“Well,” Danny continued, “Emma had already told me that I’d have to sleep on a camp bed in her room, because there wasn’t enough space for two in her single bed. I thought about mooting the idea of sleeping in her Mum and Dad’s bed, but since she hadn’t mentioned it, I thought it best not to. I’m guessing it was about two in the morning when we finally went to bed. We had a cuddle on her bed first and then I got onto the camp bed and we both fell asleep. Next morning, I woke up with a massive hard on. I mean, I’m talking full blanket tent pole…”

“TMI dude, TMI” I protested, “Do I need to hear this?”

“It’s important!” said Danny. I waved my hand through the haze of smoke I had just exhaled to tell him to continue. “So, I’ve got this hard on,” Danny continued, “and of course, needing to do something about it, I gently woke Emma up. I had no idea that women can be just as horny as us fellas first thing in the morning, and as soon as she saw my bed tent, she was on me like some kind of ravenous vampire. We really went at it. First she was on top and then we switched so I was on top of her. We were really going for it!”

“I’m sensing a but coming here, if you pardon the expression given the subject matter”

“Ha! Well that’s where you’re wrong, Mr. Holmes. There’s no but…but there is an ‘and then’” Danny said, triumphantly.

“OK, so and then” I prompted.

“And then the bed collapsed”

“Is that it?” I asked “I thought you were going to say something really dramatic happened”

“Something really dramatic did happen!” Danny retorted “The bed collapsed and because I was bracing myself with my hands on the floor, it trapped my hands underneath it. I couldn’t fucking move!”

“Oh my god!” I gasped, practically choking on the smoke I had just inhaled. For a full five minutes from this point, Danny was forced to suspend his tale as I embarked on a spluttering-laughing-coughing fit. This in turn made Danny laugh, and for a moment or two it seemed as if neither of us would be in any fit state to carry on.

Finally, once our mirth had subsided, Danny got up and got us both a beer, then sat back down to finish the story.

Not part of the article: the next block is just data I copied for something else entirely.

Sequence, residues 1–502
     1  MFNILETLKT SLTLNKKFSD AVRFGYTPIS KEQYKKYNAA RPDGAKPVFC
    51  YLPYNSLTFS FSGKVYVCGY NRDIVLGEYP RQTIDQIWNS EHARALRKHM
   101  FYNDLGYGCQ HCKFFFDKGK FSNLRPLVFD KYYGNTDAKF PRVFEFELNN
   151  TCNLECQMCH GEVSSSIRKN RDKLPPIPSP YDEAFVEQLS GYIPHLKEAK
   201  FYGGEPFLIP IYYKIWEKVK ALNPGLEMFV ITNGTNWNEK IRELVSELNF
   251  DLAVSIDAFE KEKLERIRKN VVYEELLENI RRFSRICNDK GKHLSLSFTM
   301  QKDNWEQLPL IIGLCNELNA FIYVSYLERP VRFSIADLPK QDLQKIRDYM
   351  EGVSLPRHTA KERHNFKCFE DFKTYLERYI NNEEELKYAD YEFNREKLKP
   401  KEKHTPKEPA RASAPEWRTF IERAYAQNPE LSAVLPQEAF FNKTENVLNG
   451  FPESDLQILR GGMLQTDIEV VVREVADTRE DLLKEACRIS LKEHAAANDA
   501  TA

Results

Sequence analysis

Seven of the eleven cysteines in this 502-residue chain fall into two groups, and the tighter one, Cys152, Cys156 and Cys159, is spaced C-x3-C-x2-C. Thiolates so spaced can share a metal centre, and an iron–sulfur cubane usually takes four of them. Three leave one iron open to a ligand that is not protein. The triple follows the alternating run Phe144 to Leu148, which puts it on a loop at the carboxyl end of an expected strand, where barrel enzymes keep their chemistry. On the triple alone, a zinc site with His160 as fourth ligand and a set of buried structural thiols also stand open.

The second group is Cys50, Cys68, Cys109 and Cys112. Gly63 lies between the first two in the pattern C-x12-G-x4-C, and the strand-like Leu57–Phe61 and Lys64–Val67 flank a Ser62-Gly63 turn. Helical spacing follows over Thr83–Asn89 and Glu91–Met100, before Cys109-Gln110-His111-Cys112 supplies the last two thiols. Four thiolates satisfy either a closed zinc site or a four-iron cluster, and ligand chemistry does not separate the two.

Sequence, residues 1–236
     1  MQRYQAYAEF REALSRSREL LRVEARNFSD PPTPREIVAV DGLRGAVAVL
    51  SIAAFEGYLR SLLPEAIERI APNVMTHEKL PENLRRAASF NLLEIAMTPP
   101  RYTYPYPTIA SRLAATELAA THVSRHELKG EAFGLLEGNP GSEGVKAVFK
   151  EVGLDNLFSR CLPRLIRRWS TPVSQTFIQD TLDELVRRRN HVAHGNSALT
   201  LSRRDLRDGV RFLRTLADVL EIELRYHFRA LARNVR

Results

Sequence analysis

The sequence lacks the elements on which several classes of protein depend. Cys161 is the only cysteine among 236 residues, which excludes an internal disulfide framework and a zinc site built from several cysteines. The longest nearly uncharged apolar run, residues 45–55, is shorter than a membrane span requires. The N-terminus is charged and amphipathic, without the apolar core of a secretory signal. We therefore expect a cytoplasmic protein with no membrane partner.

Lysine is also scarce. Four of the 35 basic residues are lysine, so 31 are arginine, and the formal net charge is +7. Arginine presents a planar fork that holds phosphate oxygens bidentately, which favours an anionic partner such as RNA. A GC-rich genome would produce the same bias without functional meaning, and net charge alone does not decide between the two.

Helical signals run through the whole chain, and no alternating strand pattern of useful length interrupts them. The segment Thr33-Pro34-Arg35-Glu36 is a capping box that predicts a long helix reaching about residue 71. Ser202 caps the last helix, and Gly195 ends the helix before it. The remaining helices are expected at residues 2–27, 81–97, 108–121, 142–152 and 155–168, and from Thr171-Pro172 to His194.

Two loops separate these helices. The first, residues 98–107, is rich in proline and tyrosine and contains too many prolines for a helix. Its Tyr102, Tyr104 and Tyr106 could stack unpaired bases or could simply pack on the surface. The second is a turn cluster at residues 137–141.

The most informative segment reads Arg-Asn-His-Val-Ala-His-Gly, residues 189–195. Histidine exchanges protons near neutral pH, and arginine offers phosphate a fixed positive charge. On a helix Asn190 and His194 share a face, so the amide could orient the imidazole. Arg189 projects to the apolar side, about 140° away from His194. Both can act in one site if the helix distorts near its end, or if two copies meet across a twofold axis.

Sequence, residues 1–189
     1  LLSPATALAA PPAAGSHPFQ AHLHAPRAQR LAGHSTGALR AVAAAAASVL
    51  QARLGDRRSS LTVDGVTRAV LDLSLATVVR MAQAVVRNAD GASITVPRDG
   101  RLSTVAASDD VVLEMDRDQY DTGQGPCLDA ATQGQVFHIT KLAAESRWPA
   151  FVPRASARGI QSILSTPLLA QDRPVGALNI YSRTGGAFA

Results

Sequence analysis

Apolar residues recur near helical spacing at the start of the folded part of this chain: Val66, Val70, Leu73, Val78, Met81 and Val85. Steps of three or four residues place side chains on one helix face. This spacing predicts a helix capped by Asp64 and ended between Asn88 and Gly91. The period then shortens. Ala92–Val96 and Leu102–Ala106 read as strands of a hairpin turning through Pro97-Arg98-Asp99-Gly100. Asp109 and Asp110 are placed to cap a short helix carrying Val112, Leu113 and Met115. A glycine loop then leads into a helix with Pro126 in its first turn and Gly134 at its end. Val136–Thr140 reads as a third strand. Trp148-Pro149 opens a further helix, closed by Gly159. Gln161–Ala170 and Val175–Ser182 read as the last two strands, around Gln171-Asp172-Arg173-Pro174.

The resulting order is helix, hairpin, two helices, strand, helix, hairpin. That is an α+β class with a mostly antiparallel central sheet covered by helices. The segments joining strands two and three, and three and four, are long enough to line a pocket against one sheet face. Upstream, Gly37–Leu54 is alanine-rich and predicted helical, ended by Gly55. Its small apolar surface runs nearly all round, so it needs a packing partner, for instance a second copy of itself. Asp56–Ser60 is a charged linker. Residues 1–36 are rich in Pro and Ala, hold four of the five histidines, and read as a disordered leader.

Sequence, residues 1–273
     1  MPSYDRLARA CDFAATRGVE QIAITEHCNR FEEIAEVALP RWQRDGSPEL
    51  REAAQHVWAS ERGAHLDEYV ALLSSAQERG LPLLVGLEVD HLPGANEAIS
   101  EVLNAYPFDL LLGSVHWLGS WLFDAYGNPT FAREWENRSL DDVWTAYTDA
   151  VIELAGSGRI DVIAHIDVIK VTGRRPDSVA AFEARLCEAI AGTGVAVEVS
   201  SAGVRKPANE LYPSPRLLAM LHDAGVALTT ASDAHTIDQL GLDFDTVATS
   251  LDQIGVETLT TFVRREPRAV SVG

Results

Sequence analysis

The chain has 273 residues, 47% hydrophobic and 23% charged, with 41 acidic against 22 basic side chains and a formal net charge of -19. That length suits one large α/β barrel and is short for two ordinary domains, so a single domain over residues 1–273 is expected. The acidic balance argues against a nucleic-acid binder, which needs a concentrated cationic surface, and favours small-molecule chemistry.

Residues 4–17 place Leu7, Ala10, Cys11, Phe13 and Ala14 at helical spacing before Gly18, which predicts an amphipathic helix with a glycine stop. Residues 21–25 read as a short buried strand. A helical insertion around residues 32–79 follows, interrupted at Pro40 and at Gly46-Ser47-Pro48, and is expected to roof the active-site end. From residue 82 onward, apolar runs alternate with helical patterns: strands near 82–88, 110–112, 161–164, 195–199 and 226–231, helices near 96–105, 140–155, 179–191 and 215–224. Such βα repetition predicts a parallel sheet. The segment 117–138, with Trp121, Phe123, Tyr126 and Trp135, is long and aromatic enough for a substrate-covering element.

“So, there I am, on top of Emma, both of us stark bollck naked and me with my hands trapped underneath the camp bed. With both our weights on it, there was no way I could get myself free. Emma was telling me to lift up and I was telling her that if I could lift up, I would have done so by now. Honestly dude, as time went on I started having visions of the police searching the house and finding just our skeletons, still trapped in the same position”

Repressing the urge to giggle again, I managed to ask how they managed to free themselves. “After all,” I said, “you must have got free otherwise you’d still be there, right. So what happened?”

“Her Mum and Dad came home, that’s what happened” said Danny.

“You’re kidding!” I exclaimed.

“I wish to fuck I was, dude. I’d just asked Emma if there was any way she could slide out from under me when we heard the front door open and then heard her Mum and Dad. “Only us, love” her Mum shouted. “I know we’re home early but we basically got there and came straight back. Paris isn’t as romantic as everyone makes out. It’s really a…” “Shithole” her Dad said. “Language, Arthur!” said her Mum. Both our hearts are going ten to the dozen and I’m pinning all my hopes on Emma being able to wriggle out from underneath me, lift up the bed just enough for me to get my hands out, and then I can quickly hide in the wardrobe and she can jump into bed and pretend to be asleep. As it turned out we didn’t have time for any of that. Her Mum came up the stairs, poked her head around the door, saw my hairy arse pointing straight at her and screamed. Her Dad must have thought there was a burglar or something, cause he came bursting in with a hammer in his hand and I’m convinced he’d have done me a mischief if Emma hadn’t poked her head out from under me and said “Hiya. You’ve met Danny haven’t you?”

By this point, all hope was lost for me and I found myself as a teary, giggling mess on the floor. No matter how hard I tried I couldn’t stop laughing; in fact, the harder I tried, the funnier it got. Eventually, I somehow must have managed to stammer something along the lines of “Then what happened” because Danny said “Well, her Dad managed to lift the bed a bit so I could get my hands out and I stood up, making sure to cover my essentials with my hands of course. Mind you, I didn’t really help myself there because ended up moving my hands away to offer a hello to her Mum. I’m telling you dude, the look on that woman’s face was enough to strike the fear of god into anyone. I swear, if I’d been alone with her I’d be a eunuch”